The Angle of a Distant Object Due to Earth’s Curvature

Due to Earth’s curvature, a distant but still visible object is slightly leaning away from an observer. However, the angle is minuscule and undetectable to any observer.

After being shown photos showing the obstruction of a distant object due to Earth’s curvature, flat Earthers would often shift the topic by pointing out that the tilt due to Earth’s curvature is not apparent in those photos. In reality, the tilt is too small and not visible to our eyes.

Earth’s circumference is about 40030 km or 24874 miles. So, to have an angle of 1° away from an observer, an object needs to be at 40030 km/360° = 111 km or 69 miles from the observer.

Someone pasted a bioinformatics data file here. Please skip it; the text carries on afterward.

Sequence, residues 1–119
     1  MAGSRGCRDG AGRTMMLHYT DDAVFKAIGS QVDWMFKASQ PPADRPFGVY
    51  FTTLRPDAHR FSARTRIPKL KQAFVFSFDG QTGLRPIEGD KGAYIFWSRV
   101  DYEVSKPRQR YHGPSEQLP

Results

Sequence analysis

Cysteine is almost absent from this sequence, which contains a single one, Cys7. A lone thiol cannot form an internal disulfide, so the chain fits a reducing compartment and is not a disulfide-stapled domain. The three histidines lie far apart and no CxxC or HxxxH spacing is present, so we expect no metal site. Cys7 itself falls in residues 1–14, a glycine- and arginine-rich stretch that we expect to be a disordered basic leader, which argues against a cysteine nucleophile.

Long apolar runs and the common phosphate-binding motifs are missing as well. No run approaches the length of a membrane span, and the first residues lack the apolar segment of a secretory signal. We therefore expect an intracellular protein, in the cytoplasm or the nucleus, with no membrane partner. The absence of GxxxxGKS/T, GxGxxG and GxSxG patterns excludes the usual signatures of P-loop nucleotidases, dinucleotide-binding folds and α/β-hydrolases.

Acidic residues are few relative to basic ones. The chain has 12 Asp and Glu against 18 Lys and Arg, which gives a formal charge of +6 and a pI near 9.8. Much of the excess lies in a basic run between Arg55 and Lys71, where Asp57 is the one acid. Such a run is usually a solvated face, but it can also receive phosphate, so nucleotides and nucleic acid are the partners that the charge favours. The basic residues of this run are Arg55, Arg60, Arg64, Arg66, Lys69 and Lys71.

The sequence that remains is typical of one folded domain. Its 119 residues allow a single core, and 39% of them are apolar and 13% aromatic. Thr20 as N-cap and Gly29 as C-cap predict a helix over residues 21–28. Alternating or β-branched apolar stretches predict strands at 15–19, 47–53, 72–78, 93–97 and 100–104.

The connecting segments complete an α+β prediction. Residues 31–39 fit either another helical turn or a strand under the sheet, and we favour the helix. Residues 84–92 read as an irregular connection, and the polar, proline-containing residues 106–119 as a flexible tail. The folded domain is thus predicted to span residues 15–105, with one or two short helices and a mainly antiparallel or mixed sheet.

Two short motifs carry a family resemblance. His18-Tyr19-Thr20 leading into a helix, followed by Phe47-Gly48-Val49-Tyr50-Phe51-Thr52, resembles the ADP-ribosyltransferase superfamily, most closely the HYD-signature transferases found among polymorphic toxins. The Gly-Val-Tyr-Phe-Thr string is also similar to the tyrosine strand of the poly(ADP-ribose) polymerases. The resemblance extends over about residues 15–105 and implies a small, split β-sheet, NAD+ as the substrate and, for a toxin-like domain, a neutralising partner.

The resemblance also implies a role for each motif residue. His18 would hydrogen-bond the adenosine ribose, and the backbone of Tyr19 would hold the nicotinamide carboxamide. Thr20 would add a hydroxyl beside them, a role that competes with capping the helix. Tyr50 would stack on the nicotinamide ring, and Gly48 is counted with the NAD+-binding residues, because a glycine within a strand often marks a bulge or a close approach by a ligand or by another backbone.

However, at 111 km (69 miles), more than 700 m (2300 ft) of the object is obstructed by Earth’s curvature, provided that the observer is 2 m (7 ft ) above ground.

Currently, the Burj Khalifa is the only human-made building that is possible to be seen from 111 km (69 mi) on ideal conditions. And even then, only the upper parts of it are visible.

An angle of 1° away from an observer is a small angle. Our eyes will not be able to distinguish a straight-up object from another with an angle 1° away from an observer. It is not realistic to expect anyone to be able to observe the tilt caused by Earth’s curvature.